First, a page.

After a productive and thrilling 2021, albeit one interrupted by a weird, self-inflicted injury, Huascar Ynoa crashed back down to earth in 2022 and ended the season with a serious injury that might put the rest of his career in jeopardy.
At this point, the trade that netted Ynoa from the Twins in exchange for Jaime Garcia has become somewhat infamous. While I doubt anyone on the Atlanta side regrets this trade, Ynoa has made it look like a heist (last year) to a salary dump (points before and/or after last year) depending on the time frame in question. Ynoa’s talent hasn’t really been a question mark — it’s whether he can actually leverage that talent to produce at the major league level.
What were the expectations?
Expectations for Huascar varied wildly from individual to individual entering the 2022 season. At times in 2021, Huascar looked like an above-average starter (and also hit some home runs); on the whole he looked more than serviceable considering that he had a 95 ERA-, 94 FIP-, and 80 xFIP- in 91 innings last year. If there were concerns, they largely centered around his potential inability to go deep into games given a fairly predictable two-pitch mix.
Some expected Ynoa to fully break out into a borderline star level starter if and when his FIP regressed to his xFIP, some expected him to essentially repeat his 2021 level of pitching figuring that there was no way he could pitch as well as his xFIP indicated over a longer sample, and some were skeptical that he could continue to work with only two pitches, one of which isn’t particularly good, and questionable command.
2022 was not a good year for Ynoa, to say the least. He opened the season on the active roster, but that only lasted a few weeks before he was ticketed down to Gwinnett. Those few weeks featured just two horrible starts in which he couldn’t last four full innings in either. Command and home runs were absolutely killers for Ynoa.
In Triple-A, he continued to struggle with his command, and with home runs. His Triple-A FIP was 5.00, and the 4.04 xFIP wasn’t exciting either. He had a nice seven-start stretch at one point, but struggled to stay on the field or pitch effectively afterwards. He eventually had Tommy John Surgery in September.
The net result: -0.2 fWAR in two starts at the major league level, and some overall mediocre-to-poor innings at Gwinnett.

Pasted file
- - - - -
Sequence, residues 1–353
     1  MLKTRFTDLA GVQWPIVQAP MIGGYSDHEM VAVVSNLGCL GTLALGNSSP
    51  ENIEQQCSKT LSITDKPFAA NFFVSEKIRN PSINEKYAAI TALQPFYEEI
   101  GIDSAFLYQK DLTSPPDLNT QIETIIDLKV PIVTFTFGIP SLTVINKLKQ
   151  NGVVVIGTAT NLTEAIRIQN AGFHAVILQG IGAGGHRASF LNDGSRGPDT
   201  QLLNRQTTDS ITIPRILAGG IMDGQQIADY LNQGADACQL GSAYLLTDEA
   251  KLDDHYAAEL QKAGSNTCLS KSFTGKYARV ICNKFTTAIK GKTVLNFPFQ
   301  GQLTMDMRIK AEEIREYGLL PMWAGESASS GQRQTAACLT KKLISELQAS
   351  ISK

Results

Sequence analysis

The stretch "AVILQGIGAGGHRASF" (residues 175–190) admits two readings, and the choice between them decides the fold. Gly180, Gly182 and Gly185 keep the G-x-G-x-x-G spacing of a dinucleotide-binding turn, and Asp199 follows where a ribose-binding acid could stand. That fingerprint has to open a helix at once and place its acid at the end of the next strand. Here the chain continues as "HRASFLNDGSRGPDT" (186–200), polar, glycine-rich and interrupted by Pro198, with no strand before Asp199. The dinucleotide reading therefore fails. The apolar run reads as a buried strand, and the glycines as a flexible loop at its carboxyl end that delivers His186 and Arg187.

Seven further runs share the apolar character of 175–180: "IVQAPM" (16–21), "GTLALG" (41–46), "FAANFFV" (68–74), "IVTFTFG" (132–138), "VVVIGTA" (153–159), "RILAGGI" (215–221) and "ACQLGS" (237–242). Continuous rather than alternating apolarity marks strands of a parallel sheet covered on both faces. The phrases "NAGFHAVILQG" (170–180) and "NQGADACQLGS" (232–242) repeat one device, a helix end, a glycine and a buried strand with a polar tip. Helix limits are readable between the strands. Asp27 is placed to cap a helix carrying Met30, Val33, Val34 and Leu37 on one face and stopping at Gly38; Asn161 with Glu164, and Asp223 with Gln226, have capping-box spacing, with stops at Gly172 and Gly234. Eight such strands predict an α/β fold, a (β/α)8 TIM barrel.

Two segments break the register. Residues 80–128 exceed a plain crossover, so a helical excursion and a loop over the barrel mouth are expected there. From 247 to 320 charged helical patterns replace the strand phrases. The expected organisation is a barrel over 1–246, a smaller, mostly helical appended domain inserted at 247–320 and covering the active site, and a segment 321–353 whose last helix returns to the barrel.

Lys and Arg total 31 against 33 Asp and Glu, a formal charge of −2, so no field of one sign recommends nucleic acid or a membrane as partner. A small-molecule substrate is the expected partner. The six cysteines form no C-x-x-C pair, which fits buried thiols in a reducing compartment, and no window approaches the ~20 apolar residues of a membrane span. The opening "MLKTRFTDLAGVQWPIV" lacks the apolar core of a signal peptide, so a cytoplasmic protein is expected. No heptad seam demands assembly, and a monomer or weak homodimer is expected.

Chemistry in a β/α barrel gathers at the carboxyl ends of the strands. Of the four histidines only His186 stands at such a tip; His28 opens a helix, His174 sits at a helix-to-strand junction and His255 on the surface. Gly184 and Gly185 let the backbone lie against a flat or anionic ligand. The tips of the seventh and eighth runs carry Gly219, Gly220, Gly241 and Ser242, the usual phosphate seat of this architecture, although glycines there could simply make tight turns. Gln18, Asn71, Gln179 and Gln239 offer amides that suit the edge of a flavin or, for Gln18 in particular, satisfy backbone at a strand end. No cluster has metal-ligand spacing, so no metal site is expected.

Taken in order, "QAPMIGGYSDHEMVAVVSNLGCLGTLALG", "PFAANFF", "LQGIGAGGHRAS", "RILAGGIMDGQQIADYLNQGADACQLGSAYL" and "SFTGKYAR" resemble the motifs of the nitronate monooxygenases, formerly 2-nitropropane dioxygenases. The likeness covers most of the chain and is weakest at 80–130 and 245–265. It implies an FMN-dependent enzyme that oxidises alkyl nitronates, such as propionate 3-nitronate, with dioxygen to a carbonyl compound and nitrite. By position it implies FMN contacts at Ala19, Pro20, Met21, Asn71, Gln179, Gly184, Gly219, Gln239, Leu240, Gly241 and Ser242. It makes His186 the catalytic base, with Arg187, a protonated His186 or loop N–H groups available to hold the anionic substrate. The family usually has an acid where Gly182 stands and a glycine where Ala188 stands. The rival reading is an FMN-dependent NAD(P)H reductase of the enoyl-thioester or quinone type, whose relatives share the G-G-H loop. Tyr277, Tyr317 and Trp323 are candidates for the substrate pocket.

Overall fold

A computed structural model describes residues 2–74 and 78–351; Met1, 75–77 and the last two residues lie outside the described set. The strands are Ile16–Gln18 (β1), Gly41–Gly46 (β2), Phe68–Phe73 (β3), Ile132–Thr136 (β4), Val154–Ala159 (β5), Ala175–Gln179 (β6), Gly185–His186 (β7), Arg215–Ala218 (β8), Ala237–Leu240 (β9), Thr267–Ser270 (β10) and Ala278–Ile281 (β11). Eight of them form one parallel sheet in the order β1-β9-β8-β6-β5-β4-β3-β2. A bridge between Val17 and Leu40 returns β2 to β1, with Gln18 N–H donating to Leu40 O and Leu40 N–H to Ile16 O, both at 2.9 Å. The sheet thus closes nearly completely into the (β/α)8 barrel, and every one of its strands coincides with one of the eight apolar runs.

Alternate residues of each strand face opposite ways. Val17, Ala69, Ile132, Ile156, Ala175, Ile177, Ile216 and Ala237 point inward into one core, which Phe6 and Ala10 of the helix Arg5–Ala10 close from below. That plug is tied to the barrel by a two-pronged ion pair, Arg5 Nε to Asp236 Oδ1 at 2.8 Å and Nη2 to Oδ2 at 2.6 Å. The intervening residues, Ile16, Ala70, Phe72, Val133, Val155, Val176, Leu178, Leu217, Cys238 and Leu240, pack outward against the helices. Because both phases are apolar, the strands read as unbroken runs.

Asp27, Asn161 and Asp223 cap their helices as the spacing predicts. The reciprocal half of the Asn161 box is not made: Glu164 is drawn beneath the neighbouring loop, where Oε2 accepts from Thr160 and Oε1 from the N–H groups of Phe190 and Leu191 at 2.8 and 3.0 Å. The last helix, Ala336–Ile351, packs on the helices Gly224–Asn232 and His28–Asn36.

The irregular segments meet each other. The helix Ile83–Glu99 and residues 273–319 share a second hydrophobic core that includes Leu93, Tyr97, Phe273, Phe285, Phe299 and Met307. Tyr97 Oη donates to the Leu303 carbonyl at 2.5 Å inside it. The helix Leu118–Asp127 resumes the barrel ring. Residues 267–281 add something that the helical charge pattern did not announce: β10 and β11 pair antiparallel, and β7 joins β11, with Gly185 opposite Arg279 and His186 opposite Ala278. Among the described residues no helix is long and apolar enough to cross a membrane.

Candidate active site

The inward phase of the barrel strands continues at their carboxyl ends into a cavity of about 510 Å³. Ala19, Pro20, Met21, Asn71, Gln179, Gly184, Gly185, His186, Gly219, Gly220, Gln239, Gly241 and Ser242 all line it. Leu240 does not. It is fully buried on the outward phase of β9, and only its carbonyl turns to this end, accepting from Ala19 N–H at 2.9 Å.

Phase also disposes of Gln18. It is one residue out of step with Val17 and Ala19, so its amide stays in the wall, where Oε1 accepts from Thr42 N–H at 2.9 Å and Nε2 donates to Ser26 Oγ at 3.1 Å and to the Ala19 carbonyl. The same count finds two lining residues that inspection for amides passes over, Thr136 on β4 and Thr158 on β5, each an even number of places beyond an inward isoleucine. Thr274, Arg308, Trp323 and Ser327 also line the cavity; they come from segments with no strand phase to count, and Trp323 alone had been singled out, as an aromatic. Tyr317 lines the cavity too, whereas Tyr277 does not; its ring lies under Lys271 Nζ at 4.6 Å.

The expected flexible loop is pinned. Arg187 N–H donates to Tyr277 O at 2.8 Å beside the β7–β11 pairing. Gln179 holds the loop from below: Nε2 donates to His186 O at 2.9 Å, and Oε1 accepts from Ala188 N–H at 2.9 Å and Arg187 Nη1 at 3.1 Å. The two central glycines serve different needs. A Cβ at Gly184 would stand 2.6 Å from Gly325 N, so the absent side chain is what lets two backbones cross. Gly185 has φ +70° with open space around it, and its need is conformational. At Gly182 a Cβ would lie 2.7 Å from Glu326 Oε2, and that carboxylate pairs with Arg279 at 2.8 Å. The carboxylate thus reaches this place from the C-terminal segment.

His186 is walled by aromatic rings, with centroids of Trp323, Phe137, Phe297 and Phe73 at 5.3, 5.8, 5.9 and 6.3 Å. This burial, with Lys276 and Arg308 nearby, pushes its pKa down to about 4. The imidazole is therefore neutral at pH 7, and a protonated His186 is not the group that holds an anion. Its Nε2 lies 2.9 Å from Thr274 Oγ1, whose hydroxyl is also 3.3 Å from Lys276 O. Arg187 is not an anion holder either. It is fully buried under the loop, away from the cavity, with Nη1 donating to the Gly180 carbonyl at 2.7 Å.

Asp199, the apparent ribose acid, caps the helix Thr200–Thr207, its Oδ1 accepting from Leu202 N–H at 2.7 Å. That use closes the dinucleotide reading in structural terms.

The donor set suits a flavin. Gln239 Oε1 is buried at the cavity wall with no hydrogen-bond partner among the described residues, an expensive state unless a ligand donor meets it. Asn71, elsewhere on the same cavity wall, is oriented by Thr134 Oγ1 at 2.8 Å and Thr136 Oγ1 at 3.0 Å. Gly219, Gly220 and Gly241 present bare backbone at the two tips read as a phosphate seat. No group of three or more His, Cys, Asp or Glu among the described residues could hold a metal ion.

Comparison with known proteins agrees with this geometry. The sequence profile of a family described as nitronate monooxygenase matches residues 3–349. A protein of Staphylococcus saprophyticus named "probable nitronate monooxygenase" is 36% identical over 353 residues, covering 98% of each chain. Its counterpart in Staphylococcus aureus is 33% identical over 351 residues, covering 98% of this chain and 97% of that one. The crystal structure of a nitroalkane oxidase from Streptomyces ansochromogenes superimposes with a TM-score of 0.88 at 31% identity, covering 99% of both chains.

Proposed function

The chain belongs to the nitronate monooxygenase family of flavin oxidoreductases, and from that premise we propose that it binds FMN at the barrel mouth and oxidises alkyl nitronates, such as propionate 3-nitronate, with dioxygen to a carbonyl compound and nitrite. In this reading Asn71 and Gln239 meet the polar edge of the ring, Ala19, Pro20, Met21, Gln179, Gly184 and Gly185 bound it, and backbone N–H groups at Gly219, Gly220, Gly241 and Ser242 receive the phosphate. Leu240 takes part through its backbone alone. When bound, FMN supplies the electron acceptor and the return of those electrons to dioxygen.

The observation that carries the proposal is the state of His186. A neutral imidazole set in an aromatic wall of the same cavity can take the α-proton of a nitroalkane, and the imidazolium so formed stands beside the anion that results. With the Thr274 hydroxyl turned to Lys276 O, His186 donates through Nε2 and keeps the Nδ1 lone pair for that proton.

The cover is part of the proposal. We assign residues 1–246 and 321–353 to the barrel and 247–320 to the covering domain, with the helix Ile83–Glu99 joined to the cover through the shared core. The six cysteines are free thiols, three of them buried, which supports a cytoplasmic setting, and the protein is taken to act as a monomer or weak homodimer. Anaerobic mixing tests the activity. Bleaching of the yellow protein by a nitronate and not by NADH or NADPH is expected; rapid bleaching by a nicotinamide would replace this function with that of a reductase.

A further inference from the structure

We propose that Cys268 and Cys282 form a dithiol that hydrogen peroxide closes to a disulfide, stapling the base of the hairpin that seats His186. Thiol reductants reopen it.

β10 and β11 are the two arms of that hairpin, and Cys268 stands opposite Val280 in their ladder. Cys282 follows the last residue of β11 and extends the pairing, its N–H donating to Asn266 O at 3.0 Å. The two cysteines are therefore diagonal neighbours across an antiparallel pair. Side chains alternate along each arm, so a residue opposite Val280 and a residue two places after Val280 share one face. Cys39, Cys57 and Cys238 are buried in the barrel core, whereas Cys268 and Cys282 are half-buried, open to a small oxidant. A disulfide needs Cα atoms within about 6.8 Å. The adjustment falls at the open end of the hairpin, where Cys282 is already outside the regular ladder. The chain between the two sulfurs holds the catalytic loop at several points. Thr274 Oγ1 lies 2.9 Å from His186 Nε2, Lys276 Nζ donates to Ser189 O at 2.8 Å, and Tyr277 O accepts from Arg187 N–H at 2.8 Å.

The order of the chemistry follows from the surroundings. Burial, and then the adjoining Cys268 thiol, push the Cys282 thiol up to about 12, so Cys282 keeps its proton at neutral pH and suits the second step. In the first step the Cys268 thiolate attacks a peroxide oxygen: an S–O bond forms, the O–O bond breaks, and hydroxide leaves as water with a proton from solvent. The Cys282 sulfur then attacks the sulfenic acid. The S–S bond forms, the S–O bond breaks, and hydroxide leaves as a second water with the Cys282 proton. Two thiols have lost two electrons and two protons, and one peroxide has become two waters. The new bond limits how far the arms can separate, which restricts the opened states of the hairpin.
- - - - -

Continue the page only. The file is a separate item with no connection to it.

What went right? What went wrong?
Basically nothing went right for Ynoa on the heels of his out-of-nowhere, surprisingly awesome 2021. His command completely abandoned him in both of his major league starts — he at least managed an 11 percent K%-BB% in his first game, but that dropped to zero, i.e., four walks and four strikeouts in his second start. He threw his fastball, which featured an inconsistent shape in addition to no semblance of command, a bunch in those two outings — perhaps because he couldn’t locate the slider at all anymore — to his severe detriment.
Both games he appeared in were big losses where Ynoa bled a ton of WPA. In his first start, the Braves ended up losing 11-2 to the Nationals; Ynoa’s third inning in that game blew a 1-0 lead and allowed five runs when all was said and done. Here was the big blow from that game, courtesy of Lane Thomas.
The highlight of Ynoa’s season, such as it was, probably didn’t come on the mound — instead, it came a few minutes ahead of that Lane Thomas double, when Ynoa made a good play on a comebacker to throw a runner out at the plate:
That’s really pretty much all we have on the “positive things about Ynoa’s 2022” front.
Ynoa is unlikely to factor in at the major league level and probably won’t even play baseball for most, if not all of 2023, as he rehabs from Tommy John Surgery. He does have a number of team-controlled years left, and remains a talented arm, but will be 25 by the time he pitches again. The bigger concern with Ynoa at this point, though, is not so much his recovery from injury, but whether he can refine his craft enough to be consistently useful at the major league level. The issue here isn’t that he had two horrid starts in 2022 (which he did), but rather that he showed little to get excited about in Gwinnett after his demotion. Like some other guys the Braves jettisoned off the roster early on (e.g., Alex Dickerson), Ynoa’s real issue is that whether because he was pitching with a hurt elbow, or for some other reason, there are serious concerns about a player who couldn’t even manage a sub-5.00 FIP in his third stint at Triple-A.
If Ynoa could just pitch like he did in 2021, there’d be a spot for him on every roster. But he has to show he can do that consistently, first.